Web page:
Simon suggests that shoeing with light aluminium plates can keep the movement “light and low to the floor.
“We’re not looking for an off-the-floor, elevated movement with as much knee and hock action as a dressage horse, but the paces should be controlled, yet powerful,” he states.
“Manners are important, but a riding horse must also be eye-catching and memorable for a judge. Like any show horse, they must have that ‘look at me’ presence about them.”
Riding horse or hack — what’s the difference?
The first difference is the height divisions. A small hack can be no bigger than 154cm and a large cannot exceed 160cm.
“A riding horse is a ‘classier’ animal than your typical hunter, yet not as refined as a hack,” says show producer Natalie Reynolds. “Often horses may start out as a hack as a young horse but mature and strengthen to be a riding horse later on.”
A good example of this is Broadshard Simplicity, who won back-to-back supreme horse titles at Horse of the Year Show in 2014 and 2015.
“An ideal hack is as close to the Thoroughbred as possible, whereas a riding horse is a deeper girthed animal and is often crossed with the Thoroughbred to retain the quality, yet produces a more substantial type,” says Simon.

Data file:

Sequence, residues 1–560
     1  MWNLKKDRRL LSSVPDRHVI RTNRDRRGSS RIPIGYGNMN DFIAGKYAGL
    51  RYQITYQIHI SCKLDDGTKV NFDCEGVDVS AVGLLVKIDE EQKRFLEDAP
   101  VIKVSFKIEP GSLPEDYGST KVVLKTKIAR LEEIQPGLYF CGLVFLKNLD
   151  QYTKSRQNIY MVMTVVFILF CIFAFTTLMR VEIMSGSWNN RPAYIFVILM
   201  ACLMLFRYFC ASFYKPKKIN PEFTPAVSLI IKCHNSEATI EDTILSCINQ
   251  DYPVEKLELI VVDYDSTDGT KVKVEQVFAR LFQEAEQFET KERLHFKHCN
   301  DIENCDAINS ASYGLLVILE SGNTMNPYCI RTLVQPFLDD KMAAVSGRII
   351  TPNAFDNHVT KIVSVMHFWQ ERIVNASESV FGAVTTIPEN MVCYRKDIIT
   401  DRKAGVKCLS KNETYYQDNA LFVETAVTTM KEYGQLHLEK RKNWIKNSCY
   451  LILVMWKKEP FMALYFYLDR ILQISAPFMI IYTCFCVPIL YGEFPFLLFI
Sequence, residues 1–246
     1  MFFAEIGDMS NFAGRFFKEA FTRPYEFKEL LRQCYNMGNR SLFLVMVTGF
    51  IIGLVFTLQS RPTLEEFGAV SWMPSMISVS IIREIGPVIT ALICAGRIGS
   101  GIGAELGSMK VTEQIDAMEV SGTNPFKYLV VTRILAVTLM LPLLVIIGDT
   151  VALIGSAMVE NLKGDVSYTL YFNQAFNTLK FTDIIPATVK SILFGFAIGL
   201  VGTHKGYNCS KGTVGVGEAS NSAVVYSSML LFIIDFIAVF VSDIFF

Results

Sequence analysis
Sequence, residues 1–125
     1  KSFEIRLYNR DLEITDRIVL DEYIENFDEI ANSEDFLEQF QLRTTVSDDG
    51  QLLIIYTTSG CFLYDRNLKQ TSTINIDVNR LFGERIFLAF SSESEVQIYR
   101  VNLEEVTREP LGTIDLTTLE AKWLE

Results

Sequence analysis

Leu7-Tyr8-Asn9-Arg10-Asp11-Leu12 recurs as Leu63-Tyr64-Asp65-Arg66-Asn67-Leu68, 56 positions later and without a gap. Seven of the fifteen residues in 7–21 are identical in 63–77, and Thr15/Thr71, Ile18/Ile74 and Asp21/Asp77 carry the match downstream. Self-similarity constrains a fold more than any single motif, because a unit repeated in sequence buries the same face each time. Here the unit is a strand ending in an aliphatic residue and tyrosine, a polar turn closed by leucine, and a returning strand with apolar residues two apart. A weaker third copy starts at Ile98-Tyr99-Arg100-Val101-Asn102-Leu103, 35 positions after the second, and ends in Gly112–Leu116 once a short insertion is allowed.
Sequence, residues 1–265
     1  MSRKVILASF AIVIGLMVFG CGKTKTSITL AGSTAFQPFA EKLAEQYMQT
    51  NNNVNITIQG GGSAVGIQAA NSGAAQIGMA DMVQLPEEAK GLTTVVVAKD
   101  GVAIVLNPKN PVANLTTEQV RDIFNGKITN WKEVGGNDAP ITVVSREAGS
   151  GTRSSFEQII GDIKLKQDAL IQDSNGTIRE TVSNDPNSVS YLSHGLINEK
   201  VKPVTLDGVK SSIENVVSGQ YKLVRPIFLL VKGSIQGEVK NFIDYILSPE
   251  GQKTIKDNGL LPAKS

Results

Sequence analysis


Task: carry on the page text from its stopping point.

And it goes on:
“A hack is about elegance and obedience, which comes from their origin as park horses,” says judge James Van Praagh.
“Manners are always important but with hacks it is a must. The riding horses gallop unlike the hacks, and while still obedient the ride can be more robust.”
“I like a riding horse to move with a bit more purpose than a hack – it’s not there just to look pretty,” concludes Jo.
“They must both be light and responsive, but a riding horse should have a bit more power to them.”
How to decide which type your horse is
“If you’re unsure whether your horse is a hack or a riding horse I would recommend going to a big county show to have a look at both classes,” advises Natalie. “Be sure to look at the limb, way of going and and the overall type. This will help you decide which class you think your horse fits in to. I often see many horses that are in the wrong category, or not presented in the correct way.
“I like to see a riding horse with no less than eight inches of bone below the knee. A riding horse typically has more bone than a hack. The limb is not the whole story though, and there is no specific classification for limb. It is more about the overall type. If you’re still unsure, ask a judge or professional for their opinion.”
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Where to compete
All major shows will have classes for large and small riding horses, culminating in an overall riding horse championship.
At smaller shows, the small and large riding horses may be put together or may even be judged together with the hacks.
The biggest accolades a riding horse can win are the Royal International (RIHS) riding horse championship, or the riding horse of the year final held at Horse of the Year Show (HOYS) in October.
Riding horses owned and produced by amateur riders can also strut their stuff at the RIHS.
In 2019, Chainmail (Allister Hood) landed the RIHS title, while at HOYS Casino III (Jayne Ross) was top of the riding horse field.